On October 17, 1956, in Decatur, Alabama, Charlie and Dorothy Jemison welcomed their third
child Mae Jemison who would change the world. When Mae was three years old her family moved to Chicago to find better educational opportunities for their children. Early in her school years, Mae was known to spend an enormous amount of time in the school library reading about science, specifically Astronomy.
While attending Morgan Park High School, Mae found her passion. She began pursuing a career in biomedical engineering. Upon graduating from high school in 1973 with consistent honors, she became a student at Stanford University on a National Achievement Scholarship.
Jemison double majored at Stanford receiving bachelor's degrees in Chemical Engineering and
African American studies in 1977. After graduation, she entered Cornell University pursuing a medical degree. Mae Jemison traveled extensively while at Cornell.
She visited Cuba, Kenya, and Thailand, where she worked at a Cambodian refugee camp. She
graduated from Cornell in 1981 before attending Los Angeles County/University of Southern
California Medical Center where she received hands-on training to become a doctor. Using all of
her talents and education, Mae Jemison established a general practice.
She later worked as a Peace Corps Officer in Sierra Leone. She used her time there to teach and conduct medical research. In 1985, Mae Jemison returned to the United States and applied for the NASA astronaut training program, but faced a roadblock when the Space Shuttle Challenger exploded in 1986.
In 1987, she reapplied for the program and was one of fifteen chosen out of a field of two
thousand applicants. She was the first African American woman chosen to be a part of the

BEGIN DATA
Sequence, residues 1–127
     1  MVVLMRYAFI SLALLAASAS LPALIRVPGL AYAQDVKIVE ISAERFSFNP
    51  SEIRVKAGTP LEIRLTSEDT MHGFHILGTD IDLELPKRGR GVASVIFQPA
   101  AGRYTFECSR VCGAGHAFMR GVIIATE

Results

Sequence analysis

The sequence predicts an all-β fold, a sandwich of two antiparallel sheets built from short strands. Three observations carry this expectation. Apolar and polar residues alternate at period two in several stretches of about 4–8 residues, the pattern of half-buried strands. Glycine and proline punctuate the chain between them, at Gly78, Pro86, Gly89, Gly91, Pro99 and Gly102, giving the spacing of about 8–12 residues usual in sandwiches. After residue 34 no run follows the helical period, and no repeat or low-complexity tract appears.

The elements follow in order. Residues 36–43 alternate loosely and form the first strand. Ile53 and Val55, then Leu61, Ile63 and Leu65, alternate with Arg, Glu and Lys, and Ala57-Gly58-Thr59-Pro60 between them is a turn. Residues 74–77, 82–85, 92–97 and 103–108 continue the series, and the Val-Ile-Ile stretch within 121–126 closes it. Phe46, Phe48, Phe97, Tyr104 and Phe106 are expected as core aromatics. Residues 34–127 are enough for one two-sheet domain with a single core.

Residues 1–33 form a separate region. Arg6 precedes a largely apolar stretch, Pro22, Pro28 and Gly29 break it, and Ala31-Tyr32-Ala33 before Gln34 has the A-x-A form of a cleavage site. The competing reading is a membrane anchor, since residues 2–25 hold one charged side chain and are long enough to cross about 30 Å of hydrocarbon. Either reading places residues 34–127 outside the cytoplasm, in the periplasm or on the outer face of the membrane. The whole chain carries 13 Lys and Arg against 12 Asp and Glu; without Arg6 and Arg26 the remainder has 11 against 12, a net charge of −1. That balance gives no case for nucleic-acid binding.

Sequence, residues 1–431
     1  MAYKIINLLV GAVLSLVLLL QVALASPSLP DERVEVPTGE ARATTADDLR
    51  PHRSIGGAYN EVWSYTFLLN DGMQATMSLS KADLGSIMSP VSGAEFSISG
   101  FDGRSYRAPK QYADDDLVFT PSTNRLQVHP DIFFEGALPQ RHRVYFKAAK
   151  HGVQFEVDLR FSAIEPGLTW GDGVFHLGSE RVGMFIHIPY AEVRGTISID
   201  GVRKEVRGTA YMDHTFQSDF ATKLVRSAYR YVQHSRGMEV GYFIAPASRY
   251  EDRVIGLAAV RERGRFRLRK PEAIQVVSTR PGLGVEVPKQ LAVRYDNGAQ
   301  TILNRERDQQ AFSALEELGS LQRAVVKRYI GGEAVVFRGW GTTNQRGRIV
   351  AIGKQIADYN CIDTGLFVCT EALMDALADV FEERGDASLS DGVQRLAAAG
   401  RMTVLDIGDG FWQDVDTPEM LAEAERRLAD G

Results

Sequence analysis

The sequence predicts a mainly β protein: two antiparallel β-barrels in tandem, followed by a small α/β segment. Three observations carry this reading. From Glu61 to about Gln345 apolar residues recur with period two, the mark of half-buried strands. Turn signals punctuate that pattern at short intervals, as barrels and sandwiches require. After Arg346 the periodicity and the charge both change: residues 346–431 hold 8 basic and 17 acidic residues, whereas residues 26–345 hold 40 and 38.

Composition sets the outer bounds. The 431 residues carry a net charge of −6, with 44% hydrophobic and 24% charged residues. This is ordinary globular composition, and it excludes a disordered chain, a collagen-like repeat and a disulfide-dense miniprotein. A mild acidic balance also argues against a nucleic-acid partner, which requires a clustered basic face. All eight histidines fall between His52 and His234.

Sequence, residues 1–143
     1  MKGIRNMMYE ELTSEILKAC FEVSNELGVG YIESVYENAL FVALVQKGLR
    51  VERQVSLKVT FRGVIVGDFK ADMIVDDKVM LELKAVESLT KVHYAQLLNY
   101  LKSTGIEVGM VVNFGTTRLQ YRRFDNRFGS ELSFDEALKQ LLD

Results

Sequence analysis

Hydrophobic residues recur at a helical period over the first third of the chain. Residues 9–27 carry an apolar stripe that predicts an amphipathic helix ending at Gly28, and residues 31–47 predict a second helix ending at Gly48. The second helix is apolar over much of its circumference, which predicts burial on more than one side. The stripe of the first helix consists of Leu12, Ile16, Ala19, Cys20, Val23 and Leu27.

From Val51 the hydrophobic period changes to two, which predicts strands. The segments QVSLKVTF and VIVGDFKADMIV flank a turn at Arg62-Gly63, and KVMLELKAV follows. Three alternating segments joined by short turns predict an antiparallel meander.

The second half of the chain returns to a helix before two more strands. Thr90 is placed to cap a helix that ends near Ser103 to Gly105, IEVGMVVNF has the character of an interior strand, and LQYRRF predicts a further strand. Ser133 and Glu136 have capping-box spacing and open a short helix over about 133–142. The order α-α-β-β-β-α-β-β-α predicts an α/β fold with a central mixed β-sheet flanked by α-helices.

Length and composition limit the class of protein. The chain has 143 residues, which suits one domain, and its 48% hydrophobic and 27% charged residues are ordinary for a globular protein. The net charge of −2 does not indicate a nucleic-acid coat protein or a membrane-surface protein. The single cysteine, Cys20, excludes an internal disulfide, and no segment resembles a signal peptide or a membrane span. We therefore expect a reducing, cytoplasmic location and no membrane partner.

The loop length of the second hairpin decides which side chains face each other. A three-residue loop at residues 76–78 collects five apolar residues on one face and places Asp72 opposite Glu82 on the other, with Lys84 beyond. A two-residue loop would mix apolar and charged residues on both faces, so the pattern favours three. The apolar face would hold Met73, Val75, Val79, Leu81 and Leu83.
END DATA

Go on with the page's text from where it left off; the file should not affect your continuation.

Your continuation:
training program. Mae spent more than a year in the training program and became an astronaut,
which was accompanied by the title of science mission specialist.
This title garnered the responsibility of conducting crew-related scientific experiments on the space shuttle. In 1992, Mae Jemison flew into space aboard the Endeavour on mission STS-47. She and her crew spent eight days in space conducting experiments on weightlessness and motion sickness. Mae used herself and the crew as guinea pigs for the experiments.
On September 20, 1992, they returned and Mae became very famous for her achievements as the first African American woman in space. Following her return from space Mae received a plethora of awards and recognitions. In 1998, she received the Essence Science and Technology Award.
In 1990, she was named the Gamma Sigma Gamma Woman of the Year. In 1992, she won
the Ebony Black Achievement Award and The Mae C. Jemison Academy was named after her.
Between the years 1990 and 1992, she became a member of the American Medical Association, the American Chemical Society, and the American Association for the Advancement of Science.
She served on the Board of Directors of the World Sickle Cell Foundation. She also became a
committee member of the American Express Geography Competition as well as a board
member of the center for the Prevention of Childhood Malnutrition. In 1993, she received a
Montgomery Fellowship from Dartmouth College.
She also left the astronaut corps to establish the Jemison Group, a company that researches,
develops, and markets advanced technologies. Mae Jemison became a professor at Dartmouth College and started the Jemison Institute for Advancing Technology in Developing Countries. She later created The Earth We Share program, a science camp for girls ages twelve to sixteen, helping to improve problem-solving skills. Mae Jemison is a
trailblazer. She used her imagination to dream of a future that she later made a reality. By becoming the first African-American woman in space, Dr. Jemison opened doors for women of color at NASA forever. Dr. Mae C. Jemison, we stand on your shoulders.
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